To understand the function of the Government of AVNOJ Yugoslavia in domestic and foreign matters, it is important to sense how Kardelj interpreted Marxism. After all, as the theoretician of Marxism, he was responsible for the development of the country.
In the second half of 1889, Lenin wrote an article to Rabochaya Gazeta (Рабочая Газета) or "Workers' Newspaper" in which he revealed the way that one should follow Marxism. He wrote, "We do not regard Marx's theory as something completed and inviolable; on the contrary, we are convinced that it has only laid the foundation stone of the science which socialists must develop in all directions if they wish to keep pace with life" (Vladimir Lenin, Collected Works, 1977, vol. 4, 211).
Along similar lines, the Program of the League of Communists of Yugoslavia declared that "Marxism is not a dogmatic system or established doctrine, but a theory of social process which develops through successive historical phases" (Program L.C.Y. 1959, 175 in Lapenna 1964, 1-2).
Ivo Lapenna was a law professor of International Law and International Relations at Zagreb University. He had held a position jointly with the School of Slavonic and East European Studies. Here is what Ivo Lapenna stated,
From Yugoslavia also came reproaches that the federal principle and the right of self-administration of the various nationalities is, in the Soviet Union, 'an empty slogan', while in Yugoslavia this principle is 'truly and consequentially being realised; that local Government does not exist in the Soviet Union, but does exist in Yugoslavia; that in that country the economic enterprises, unlike those of Yugoslavia, enjoy no independence; and that in the USSR the administrative organs are subjugated one to another in a vertical line from base to top, but not to their own representative organs, as in Yugoslavia, etc.
The Stalinist 'proletarian internationalism' is assessed as a simple instrument of the imperialist aspirations of the new Soviet caste, while the 'Stalinist' Constitution is considered to 'crown the Soviet bureaucratic system' (Kardelj), notwithstanding the fact that a short while before that same Constitution had been praised in Yugoslavia as the culmination of democracy, and had been imitated in the Yugoslav Constitution of 1946 (Lapenna 1964, 45 - Emphasis is mine).
Based on the above interpretation of Marxism, while Lenin deemed the peasantry to be the revolutionary frontline in pre-industrial societies rather than the proletariat, Kardelj felt that the economy should be in worker-controlled enterprises which would participate in a market system. It was Kardelj's response to Marx's "Association of Free and Equal Producers" and opposite to Soviet statism and "state capitalism" within a controlled economy.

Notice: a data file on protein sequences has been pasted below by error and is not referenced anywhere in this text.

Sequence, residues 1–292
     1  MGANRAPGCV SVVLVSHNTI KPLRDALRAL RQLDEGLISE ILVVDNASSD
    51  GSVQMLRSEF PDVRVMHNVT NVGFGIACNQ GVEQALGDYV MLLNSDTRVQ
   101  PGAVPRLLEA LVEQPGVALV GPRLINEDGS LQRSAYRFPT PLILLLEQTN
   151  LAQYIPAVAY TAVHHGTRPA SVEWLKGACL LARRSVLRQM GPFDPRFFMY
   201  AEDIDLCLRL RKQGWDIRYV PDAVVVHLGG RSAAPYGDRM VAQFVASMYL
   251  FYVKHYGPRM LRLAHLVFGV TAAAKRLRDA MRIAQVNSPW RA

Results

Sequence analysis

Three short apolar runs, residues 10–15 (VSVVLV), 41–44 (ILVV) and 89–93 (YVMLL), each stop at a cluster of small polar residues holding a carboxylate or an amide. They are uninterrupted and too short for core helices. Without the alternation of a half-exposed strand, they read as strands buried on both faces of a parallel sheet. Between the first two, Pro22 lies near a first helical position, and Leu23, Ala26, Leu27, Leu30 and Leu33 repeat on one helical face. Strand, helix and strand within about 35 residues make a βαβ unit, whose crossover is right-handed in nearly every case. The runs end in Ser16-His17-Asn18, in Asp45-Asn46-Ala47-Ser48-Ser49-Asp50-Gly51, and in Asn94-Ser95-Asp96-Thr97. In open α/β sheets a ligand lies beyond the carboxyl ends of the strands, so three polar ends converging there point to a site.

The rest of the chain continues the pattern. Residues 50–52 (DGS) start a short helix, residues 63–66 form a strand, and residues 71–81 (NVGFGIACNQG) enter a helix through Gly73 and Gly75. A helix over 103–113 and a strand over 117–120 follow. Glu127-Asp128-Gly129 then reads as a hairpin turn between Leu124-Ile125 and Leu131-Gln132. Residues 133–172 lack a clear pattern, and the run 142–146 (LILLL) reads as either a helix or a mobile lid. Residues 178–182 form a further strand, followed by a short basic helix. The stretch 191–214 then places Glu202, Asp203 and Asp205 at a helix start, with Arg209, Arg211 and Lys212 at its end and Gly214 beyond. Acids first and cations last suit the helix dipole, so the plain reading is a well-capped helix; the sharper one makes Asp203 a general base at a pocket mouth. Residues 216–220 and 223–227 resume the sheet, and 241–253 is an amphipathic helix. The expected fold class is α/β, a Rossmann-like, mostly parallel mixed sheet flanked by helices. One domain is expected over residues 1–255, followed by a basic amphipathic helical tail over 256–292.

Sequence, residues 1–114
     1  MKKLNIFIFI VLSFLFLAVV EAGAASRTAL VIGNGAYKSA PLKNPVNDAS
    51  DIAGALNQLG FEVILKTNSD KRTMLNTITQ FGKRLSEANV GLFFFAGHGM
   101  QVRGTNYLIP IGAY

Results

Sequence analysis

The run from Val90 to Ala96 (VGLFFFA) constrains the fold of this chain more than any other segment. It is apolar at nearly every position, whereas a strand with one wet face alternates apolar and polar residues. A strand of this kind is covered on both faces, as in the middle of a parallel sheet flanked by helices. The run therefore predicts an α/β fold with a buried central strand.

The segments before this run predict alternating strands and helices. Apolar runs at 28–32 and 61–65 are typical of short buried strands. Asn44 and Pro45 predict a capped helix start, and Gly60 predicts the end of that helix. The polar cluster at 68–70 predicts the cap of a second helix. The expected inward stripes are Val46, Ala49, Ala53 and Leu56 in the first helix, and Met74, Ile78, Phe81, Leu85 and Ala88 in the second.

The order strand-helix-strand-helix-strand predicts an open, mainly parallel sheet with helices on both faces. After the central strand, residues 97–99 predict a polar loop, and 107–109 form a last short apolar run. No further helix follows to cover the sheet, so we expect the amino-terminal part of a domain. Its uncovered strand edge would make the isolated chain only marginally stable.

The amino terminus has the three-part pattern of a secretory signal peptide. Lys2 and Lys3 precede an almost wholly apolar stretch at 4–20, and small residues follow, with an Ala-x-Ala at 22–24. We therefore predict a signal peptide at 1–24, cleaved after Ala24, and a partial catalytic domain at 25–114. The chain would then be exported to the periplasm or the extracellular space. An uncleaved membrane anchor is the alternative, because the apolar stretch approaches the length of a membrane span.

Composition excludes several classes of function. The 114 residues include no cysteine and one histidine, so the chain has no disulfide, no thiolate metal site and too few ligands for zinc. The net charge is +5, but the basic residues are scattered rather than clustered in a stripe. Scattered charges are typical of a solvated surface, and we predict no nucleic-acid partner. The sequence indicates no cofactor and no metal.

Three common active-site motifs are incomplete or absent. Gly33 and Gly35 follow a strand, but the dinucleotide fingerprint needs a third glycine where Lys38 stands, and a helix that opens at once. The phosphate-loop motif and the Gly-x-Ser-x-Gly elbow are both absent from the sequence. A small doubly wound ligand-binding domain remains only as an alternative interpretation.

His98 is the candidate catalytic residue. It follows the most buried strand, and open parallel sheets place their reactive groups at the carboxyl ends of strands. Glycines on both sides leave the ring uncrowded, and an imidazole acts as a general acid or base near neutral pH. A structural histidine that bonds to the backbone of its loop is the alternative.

The Macedonia name dispute
Now, as to the main point of the question regarding the Macedonia dispute, Greek politicians of all political parties since 1950, tacitly aided and abetted the Yugoslav AVNOJ governments as well as the governments of Skopje and its influence over the central Government. The central Government in Belgrade was very weak and became weaker every day. In the case of Macedonia, Skopje held true power, not Belgrade.
I’ve read many books on the Macedonian Struggle. Not one of these books refers to ancient Macedonian history as the reason for the strife over the region of Macedonia.
Remember, the VMRO was called "The Internal Macedonian-Adrianople Revolutionary Organization'' with Adrianople stipulating Thrace. At that time, the Bulgarians of VMRO also wanted the whole of Thrace. Bulgaria's vision was to be a great empire, as it was under Tsar Samuil, while the rivers of Macedonia would guarantee trade, food, and communication. The seaports of Alexandroupolis (then Dedeagatch), Kavala, and Thessaloniki would ensure military dominance over the southern Balkans and, of course, more food, more communication, and a window to the world. The ultimate aim was Russian foreign policy dominance in the Balkans with control of the Orthodox faithful, through the Ecumenical Patriarchate in Turkey.
The Prespes Agreement
With regard to today’s Prespes Agreement, several issues within the Agreement still need to be discussed and resolved between Greece and the Skopjan republic. Other parts of the Agreement expose Skopje’s bilateral issues toward Serbia, Albania, and Bulgaria, as well as Skopje's own population. One thing the Agreement has achieved is to stop all kinds of ludicrous and baseless claims that the Greek part of Macedonia should be within the Skopjan state. Other issues within the agreement will affect the relations between Greece on the one hand, and Serbia, Bulgaria, and Albania on the other.
The National Anthem of Skopje refers to Macedonia[sic], which covers all geographic Macedonia, including the Greek region. Since the name of the country has changed, the national anthem should also change.
In European law, nationality gives a nation the right to protect a person from other nations. Diplomatic and consular protection are dependent upon this relationship between the person and the state. The nationality law of Greece is based on the principle of jus sanguinis. Greek citizenship may be acquired by descent or through naturalization. It means that a Greek national is a citizen of the European Union, and therefore entitled to the same rights as other EU citizens.